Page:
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Scholarship Resume

Many scholarships require students to include a scholarship resume that outlines their personal accomplishments. Even if you do not have tons of experience, you can still put together a solid resume using the tips below.

Stephanie Rose

on 28 July 2010

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Transcript of Scholarship Resume

Writing Your Scholarship Resume 1. Keep your scholarship resume relevant Your resume is meant to introduce you and your background to
a scholarship committee who has never met you. Stress the
things that are most positive about you. 2. Limit your resume to one page Use a font that is easy to read. The font size should be between
10 and 12; your headings may be larger. Ideally, margins should
be one inch. 3. Be specific and truthful Be complete, descriptive, and specific without being too lengthy. Always be truthful and accurate without exaggeration. 4. Accuracy is important Make sure your resume is organized and very neat. It should be free of any spelling or grammatical errors. Have an instructor, classmate, or supervisor proofread and critique your resume. 5. Always use action words Avoid passive or weak phrases. 6. Omit all personal pronouns Examples include “I” and “we”. 7. Be consistent Consistent punctuation, verb tense,
dates, and spacing gives your resume
a neat, organized appearance. 8. Use bullets to list your achievements. Bullets help draw the reader’s eye down the page and convey that
your resume is organized and concise. Begin each bullet with an
action verb. 9. Personal information is irrelevant This includes religious affiliation, sexual orientation, gender,
marital status, and age. 10. Organize your resume You can organize your resume in many different ways, but the following order works well.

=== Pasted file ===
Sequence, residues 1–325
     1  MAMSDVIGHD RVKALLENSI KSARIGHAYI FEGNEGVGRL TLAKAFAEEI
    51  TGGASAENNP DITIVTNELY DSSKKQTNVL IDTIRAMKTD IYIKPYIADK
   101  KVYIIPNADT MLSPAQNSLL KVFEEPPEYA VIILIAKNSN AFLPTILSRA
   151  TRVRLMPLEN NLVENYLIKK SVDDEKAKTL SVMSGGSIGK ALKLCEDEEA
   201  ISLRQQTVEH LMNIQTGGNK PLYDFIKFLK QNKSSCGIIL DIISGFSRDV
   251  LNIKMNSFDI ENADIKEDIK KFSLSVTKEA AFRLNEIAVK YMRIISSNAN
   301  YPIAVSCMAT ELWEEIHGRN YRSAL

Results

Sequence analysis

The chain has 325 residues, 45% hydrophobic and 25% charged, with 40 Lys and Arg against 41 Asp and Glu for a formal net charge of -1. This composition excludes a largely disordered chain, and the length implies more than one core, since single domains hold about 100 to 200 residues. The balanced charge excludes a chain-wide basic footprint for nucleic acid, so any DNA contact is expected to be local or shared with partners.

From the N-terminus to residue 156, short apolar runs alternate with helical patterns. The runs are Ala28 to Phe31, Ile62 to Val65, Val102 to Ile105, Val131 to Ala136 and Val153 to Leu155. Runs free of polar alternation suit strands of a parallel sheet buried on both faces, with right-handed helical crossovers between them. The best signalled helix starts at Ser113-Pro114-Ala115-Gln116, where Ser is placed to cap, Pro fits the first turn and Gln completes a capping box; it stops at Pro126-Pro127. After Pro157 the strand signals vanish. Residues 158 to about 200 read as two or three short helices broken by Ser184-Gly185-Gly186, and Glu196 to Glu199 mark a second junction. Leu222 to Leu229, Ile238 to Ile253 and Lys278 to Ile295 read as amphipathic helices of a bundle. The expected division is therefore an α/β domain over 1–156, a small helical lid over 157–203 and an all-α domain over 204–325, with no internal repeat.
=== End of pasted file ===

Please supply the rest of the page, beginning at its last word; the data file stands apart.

Use it as a guide to help you get started:
• Resume header: Type your name, address, phone number, and email address at the top of your resume.
• Career goals: In a couple of sentences, discuss your career goals. Keep this section concise, but include enough detail to show your reader that you have a plan for your future.
• Work experience: Beginning with your current or most recent job, list your work experience. Include both part-time and full-time employment, if applicable.
• Education: List your high school and any college courses you have completed and/or degrees conferred. Include your cumulative GPA only if it is 3.0 or above.
• Honors and awards: List any honors and/or awards you have received.
• Honors courses: Mention any honors courses you have completed or if you are taking courses beyond the standard course load.
• Courses attended: Record any seminars or training courses attended (e.g., Red Cross training)
• Languages: List your language skills.
• Computer experience: List any and all experience you have with computers, using the actual names of the programs you are familiar with (Microsoft Word, Excel, PowerPoint, etc.).
• Memberships: List any affiliations, memberships, and/or associations you belong to including any leadership roles. Include any school-sponsored clubs and/or honor societies.
• Community involvement: List any volunteer work or community activities.
• Enrichment activities: List any enrichment programs, travel programs, and/or hobbies that have expanded your educational experience.
• Athletic achievements: Include any athletic achievements or memberships.
• Visual and performing arts: List any achievements in the visual and performing arts. The End!
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